Spy telephones ‘in gangsters’ again pockets’ betray lots of to police By Reuters

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© Reuters. This undated handout photo dated June 8, 2021 shows the Australian Federal Police during their Operation Ironside against organized crime. Australian Federal Police / handout via REUTERS

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By Colin Packham and Toby Sterling

CANBERRA / AMSTERDAM (Reuters) – A worldwide stab in which organized crime gangs sold encrypted phones that law enforcement could monitor has resulted in more than 800 arrests and seizures of drugs, weapons, cash and luxury cars, officials said on Tuesday with.

The US Department of Criminal Investigation, Australian and European police operations have ensnared suspects in Australia, Asia, Europe, South America and the Middle East who are involved in drug trafficking, officials said.

Raids around the world have seized millions of dollars in cash, along with 30 tons of drugs, including more than eight tons of cocaine.

Australian Prime Minister Scott Morrison said the operation had “dealt a heavy blow to organized crime – not just in this country but … around the world”.

Operation Greenlight / Trojan Shield, designed by the Australian Police and the FBI in 2018, was one of the largest infiltrations and takeovers of a specialized encrypted network.

It started when US officials paid a convicted drug dealer to give him access to a smartphone he had customized and installed ANOM, also known as An0m, a secure encrypted messaging app. The phones were then sold to organized crime networks through underworld distributors.

The FBI helped infiltrate 12,000 devices into 300 criminal groups in more than 100 countries, Calvin Shivers of the FBI’s Criminal Investigation Department told reporters in The Hague.

On Tuesday, the US Department of Justice announced charges against 17 suspected traders for their involvement in marketing and selling thousands of ANOM devices to transnational criminal organizations.

All of the defendants were foreign nationals outside the United States and eight of them were arrested on Tuesday, Randy Grossman, acting US attorney for the Southern District of California, said at a news conference in San Diego. The others remain at large.

The prosecution accuses the defendants of knowing that the devices they distributed were used by criminals to coordinate drug trafficking and money laundering, Grossman said.

“Today marks the culmination of more than five years of strategic, innovative and complex investigative work to disrupt and dismantle encrypted communications services targeting criminal elements worldwide,” said Suzanne Turner, special agent in charge of the FBI field in San Diego office.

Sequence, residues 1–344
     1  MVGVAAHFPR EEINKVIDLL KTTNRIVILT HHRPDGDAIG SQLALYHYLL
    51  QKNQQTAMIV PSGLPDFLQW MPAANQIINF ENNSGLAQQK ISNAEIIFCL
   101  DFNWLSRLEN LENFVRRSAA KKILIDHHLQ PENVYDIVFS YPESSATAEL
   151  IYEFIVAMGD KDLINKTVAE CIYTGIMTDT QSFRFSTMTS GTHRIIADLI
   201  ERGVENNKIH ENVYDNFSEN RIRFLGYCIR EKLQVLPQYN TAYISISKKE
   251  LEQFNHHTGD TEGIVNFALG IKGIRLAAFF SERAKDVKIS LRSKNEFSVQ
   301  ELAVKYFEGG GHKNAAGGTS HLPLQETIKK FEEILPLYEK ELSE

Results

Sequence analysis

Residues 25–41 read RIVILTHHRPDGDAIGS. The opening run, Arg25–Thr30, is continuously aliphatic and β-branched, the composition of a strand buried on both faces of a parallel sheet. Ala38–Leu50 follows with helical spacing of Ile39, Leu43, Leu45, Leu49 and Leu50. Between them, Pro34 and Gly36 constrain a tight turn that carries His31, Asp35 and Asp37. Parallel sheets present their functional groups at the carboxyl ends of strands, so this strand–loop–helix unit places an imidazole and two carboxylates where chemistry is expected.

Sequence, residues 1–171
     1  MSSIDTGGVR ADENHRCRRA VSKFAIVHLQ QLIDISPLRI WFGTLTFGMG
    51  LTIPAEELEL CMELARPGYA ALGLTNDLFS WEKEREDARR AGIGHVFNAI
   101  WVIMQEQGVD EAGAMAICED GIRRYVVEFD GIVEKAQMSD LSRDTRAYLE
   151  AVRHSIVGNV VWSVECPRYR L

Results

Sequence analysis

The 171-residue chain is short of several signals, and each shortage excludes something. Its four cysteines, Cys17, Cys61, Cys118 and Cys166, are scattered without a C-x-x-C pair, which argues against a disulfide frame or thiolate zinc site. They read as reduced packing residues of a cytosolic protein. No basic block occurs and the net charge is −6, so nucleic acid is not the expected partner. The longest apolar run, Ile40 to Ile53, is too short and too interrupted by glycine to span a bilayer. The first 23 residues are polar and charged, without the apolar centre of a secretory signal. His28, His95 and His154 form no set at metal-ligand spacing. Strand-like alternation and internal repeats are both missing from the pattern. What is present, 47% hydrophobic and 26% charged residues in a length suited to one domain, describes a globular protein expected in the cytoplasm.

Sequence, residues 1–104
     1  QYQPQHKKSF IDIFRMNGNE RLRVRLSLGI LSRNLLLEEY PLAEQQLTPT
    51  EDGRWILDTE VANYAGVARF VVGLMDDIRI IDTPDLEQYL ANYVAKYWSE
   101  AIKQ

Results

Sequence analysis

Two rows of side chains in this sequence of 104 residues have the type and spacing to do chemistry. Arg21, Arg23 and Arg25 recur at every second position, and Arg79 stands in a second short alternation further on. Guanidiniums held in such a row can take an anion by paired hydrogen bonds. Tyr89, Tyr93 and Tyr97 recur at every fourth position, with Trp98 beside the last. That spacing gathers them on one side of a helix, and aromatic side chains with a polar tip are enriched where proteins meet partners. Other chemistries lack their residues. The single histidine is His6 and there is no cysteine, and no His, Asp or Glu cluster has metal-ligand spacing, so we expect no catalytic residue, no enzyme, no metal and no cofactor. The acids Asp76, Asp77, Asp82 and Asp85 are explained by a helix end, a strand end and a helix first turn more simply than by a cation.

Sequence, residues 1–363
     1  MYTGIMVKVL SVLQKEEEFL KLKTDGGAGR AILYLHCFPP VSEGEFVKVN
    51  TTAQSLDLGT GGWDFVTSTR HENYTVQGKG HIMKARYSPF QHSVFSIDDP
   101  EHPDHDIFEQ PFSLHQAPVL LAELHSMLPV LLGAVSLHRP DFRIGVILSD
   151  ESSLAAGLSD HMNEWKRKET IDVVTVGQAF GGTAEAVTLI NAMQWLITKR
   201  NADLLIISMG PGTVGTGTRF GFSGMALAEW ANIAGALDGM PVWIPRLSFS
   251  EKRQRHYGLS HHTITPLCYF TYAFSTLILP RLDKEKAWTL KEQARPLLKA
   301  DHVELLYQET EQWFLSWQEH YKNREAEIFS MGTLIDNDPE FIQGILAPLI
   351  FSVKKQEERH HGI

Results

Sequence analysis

COCAINE IN FRUITS

In a pattern repeated elsewhere, an Australian underworld character began handing out phones using the app to his employees, believing their communications would be secure as the phones had been rebuilt to include all functions, including voice and camera, except ANOM , to remove.

As a result, there was no attempt to hide or encode the details of the messages the police read.

“It was there, including ‘We are going to have a speedboat hit you at this point,’ ‘that will do’ and so on,” said Australian Federal Police Commissioner Reece Kershaw.

“We were in the back pockets of organized crime … they only talk about drugs, violence, mutual beatings, innocent people being murdered.”

The phones were such a hit that Italian mobsters, Asian triads, biker gangs, and transnational drug syndicates all used them, delivering a treasure trove of 27 million messages to the FBI and its partner forces around the world.

Shivers said the FBI saw photos of “hundreds of tons of cocaine hidden in fruit shipments.”

PRINTER FOR PISTON PARTS

Australian police said they had arrested 224 people, including members of outlaw motorcycle gangs, and disrupted 21 murder plans.

On Monday alone, they confiscated 104 firearms, including a military-grade sniper rifle, and nearly A $ 45 million ($ 35 million) in cash, including A $ 7 million from a safe buried under a garden shed in suburban Sydney.

In Europe, there were 49 arrests in the Netherlands, 75 in Sweden and over 60 in Germany, where authorities seized hundreds of pounds of drugs, more than 20 weapons and over 30 luxury cars and cash.

The Finnish police not only arrested nearly 100 suspects and confiscated 500 kg of narcotics, but also found a warehouse with 3D printers for the manufacture of weapon parts.

The operation also revealed that gangs had received evidence of police actions, which, according to an affidavit by an FBI agent, resulted in “numerous high-level public corruption cases in several countries.”

Kershaw said the Australian underworld figure who went into hiding “essentially built his own colleagues” through the distribution of the phones and is now a scarred man.

“The earlier he gets in touch, the better for him and his family.” ($ 1 = 1.2893 Australian dollars)

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